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I want to have some grid lines on a plot, but actually full-length lines are too much/distracting, even dashed light grey lines. I went and manually did some editing of the SVG output to get the effect I was looking for. Can this be done with matplotlib? I had a look at the pyplot api for grid, and the only thing I can see that might be able to get near it are the xdata and ydata Line2D kwargs.

enter image description here

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2 Answers 2

up vote 3 down vote accepted

This cannot be done through the basic API, because the grid lines are created using only two points. The grid lines would need a 'data' point at every tick mark for there to be a marker drawn. This is shown in the following example:

import matplotlib.pyplot as plt

ax = plt.subplot(111)
ax.grid(clip_on=False, marker='o', markersize=10)

This results in:

enter image description here

Notice how the 'o' markers are only at the beginning and the end of the Axes edges, because the grid lines only involve two points.

You could write a method to emulate what you want, creating the cross marks using a series of Artists, but it's quicker to just leverage the basic plotting capabilities to draw the cross pattern.

This is what I do in the following example:

import matplotlib.pyplot as plt
import numpy as np


def set_grid_cross(ax, in_back=True):
    xticks = ax.get_xticks()
    yticks = ax.get_yticks()
    xgrid, ygrid = np.meshgrid(xticks, yticks)
    kywds = dict() 
    if in_back:
        kywds['zorder'] = 0
    grid_lines = ax.plot(xgrid, ygrid, 'k+', **kywds)

xvals = np.arange(NPOINTS)
yvals = np.random.random(NPOINTS) * NPOINTS

ax1 = plt.subplot(121)
ax2 = plt.subplot(122)

ax1.plot(xvals, yvals, linewidth=4)
ax1.plot(xvals, xvals, linewidth=7)
ax2.plot(xvals, yvals, linewidth=4)
ax2.plot(xvals, xvals, linewidth=7)
set_grid_cross(ax2, in_back=False)


This results in the following figure:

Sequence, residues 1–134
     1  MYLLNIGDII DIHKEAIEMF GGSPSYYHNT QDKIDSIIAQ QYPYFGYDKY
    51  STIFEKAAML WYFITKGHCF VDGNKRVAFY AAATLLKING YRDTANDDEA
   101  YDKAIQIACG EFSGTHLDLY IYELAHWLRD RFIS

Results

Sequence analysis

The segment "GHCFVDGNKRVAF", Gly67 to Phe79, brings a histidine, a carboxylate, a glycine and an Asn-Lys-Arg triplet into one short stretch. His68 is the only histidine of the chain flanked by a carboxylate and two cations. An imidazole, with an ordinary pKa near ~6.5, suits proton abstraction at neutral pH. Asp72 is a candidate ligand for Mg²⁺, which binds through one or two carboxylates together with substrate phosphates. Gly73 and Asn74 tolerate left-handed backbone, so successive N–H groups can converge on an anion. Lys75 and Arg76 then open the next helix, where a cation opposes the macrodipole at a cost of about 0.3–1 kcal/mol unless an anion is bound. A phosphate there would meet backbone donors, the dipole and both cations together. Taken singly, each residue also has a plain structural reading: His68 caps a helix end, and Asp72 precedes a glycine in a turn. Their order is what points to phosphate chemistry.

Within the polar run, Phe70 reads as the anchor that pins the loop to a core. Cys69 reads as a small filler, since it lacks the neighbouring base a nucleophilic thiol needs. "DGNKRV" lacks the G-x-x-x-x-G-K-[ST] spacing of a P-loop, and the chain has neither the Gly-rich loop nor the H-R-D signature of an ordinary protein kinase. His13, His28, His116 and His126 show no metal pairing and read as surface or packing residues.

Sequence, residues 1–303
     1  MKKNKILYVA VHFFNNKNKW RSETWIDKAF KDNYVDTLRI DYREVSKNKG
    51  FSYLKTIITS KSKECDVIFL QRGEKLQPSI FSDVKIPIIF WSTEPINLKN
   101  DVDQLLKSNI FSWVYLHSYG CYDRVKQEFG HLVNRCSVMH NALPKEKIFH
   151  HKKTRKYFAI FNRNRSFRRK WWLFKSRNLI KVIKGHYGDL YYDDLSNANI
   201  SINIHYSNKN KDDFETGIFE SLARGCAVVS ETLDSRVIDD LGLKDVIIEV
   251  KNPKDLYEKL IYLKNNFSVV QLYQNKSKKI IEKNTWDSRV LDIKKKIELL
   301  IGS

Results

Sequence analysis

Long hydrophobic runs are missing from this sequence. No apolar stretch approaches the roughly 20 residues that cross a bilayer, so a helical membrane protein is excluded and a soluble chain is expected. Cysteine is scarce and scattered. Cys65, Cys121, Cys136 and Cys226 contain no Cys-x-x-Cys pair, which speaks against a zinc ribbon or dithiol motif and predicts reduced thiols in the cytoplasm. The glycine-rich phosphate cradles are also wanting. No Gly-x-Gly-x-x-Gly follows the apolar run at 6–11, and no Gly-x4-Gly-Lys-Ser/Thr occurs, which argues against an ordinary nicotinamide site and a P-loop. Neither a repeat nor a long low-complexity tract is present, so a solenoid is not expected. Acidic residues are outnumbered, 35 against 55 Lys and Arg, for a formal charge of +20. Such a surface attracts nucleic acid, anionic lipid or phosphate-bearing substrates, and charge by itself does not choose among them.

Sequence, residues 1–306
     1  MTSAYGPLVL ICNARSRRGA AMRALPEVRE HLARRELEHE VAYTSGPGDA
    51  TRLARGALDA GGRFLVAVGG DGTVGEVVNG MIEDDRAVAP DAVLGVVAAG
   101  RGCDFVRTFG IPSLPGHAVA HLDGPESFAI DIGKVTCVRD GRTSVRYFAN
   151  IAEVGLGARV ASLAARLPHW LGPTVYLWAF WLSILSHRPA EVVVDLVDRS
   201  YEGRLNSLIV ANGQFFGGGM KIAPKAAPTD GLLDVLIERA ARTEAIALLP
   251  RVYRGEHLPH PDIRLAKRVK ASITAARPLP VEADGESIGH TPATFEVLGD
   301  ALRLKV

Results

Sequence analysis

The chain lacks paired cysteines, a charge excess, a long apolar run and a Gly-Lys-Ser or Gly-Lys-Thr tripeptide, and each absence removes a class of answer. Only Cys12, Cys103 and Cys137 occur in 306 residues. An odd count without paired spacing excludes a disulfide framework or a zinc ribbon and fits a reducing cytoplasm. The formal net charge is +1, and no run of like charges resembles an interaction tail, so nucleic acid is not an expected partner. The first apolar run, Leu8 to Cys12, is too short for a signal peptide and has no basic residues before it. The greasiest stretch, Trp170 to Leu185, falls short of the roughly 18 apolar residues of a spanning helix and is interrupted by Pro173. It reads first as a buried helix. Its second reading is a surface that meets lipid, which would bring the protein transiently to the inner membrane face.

enter image description here

As you can see, I take the tick marks in x and y to define a series of points where I want grid marks ('+'). I use meshgrid to take two 1D arrays and make 2 2D arrays corresponding to the double loop over each grid point. I plot this with the mark style as '+', and I'm done... almost. This plots the crosses on top, and I added an extra keyword to reorder the list of lines associated with the plot. I adjust the zorder of the grid marks if they are to be drawn behind everything.*

The example shows the left subplot where by default the grid is placed in back, and the right subplot disables this option. You can notice the difference if you follow the green line in each plot.

If you are bothered by having grid crosses on the boarder, you can remove the first and last tick marks for both x and y before you define the grid in set_grid_cross, like so:

xticks = ax.get_xticks()[1:-1] #< notice the slicing
yticks = ax.get_yticks()[1:-1] #< notice the slicing
xgrid, ygrid = np.meshgrid(xticks, yticks)

I do this in the following example, using a larger, different marker to make my point:

enter image description here

* Thanks to the answer by @fraxel for pointing this out.

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informative and innovative! And the kwargs can be used to set colour and size in more detail. – a different ben Apr 26 '12 at 1:48
Also has the problem that it plots markers at the axes. If I could just slice the xgrid, ygrid arrays – a different ben Apr 26 '12 at 2:16

You can draw on line segments at every intersection of the tickpoints. Its pretty easy to do, just grab the tick locations get_ticklocs() for both axis, then loop through all combinations, drawing short line segments using axhline and axvline, thus creating a cross hair at every intersection. I've set zorder=0 so the cross-hairs are drawn first, so that they are behind the plot data. Its easy to control the color/alpha and cross-hair size. Couple of slight 'gotchas'... do the plot before you get the tick locations.. and also the xmin and xmax parameters seem to require normalisation.

import matplotlib.pyplot as plt

fig = plt.figure()
ax = fig.add_subplot(1,1,1)    
ax.plot((0,2,3,5,5,5,6,7,8,6,6,4,3,32,7,99), 'r-',linewidth=4)

x_ticks = ax.xaxis.get_ticklocs()
y_ticks = ax.yaxis.get_ticklocs()    
for yy in y_ticks[1:-1]:
    for xx in x_ticks[1:-1]:
        plt.axhline(y=yy, xmin=xx / max(x_ticks) - 0.02, 
                xmax=xx / max(x_ticks) + 0.02, color='gray', alpha=0.5, zorder=0)
        plt.axvline(x=xx, ymin=yy / max(y_ticks) - 0.02, 
                ymax=yy / max(y_ticks) + 0.02, color='gray', alpha=0.5, zorder=0)

enter image description here

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Great! Lots of flexibility to fine-tune the size/length of the crosses. You're right about the normalisation bit, will have to work on getting the ratio right, especially for non-square figure sizes. I see that there are extra lines at the axes where the tick marks are too, so will try to get rid of them. – a different ben Apr 26 '12 at 1:59
@a different ben - Hey, hadn't noticed about the crosses on the x and y axis! I've updated to get rid of them with slices. And yeah, the min and max values being dependant upon the plot size rather than the axis values is a very strange one! – fraxel Apr 26 '12 at 8:57

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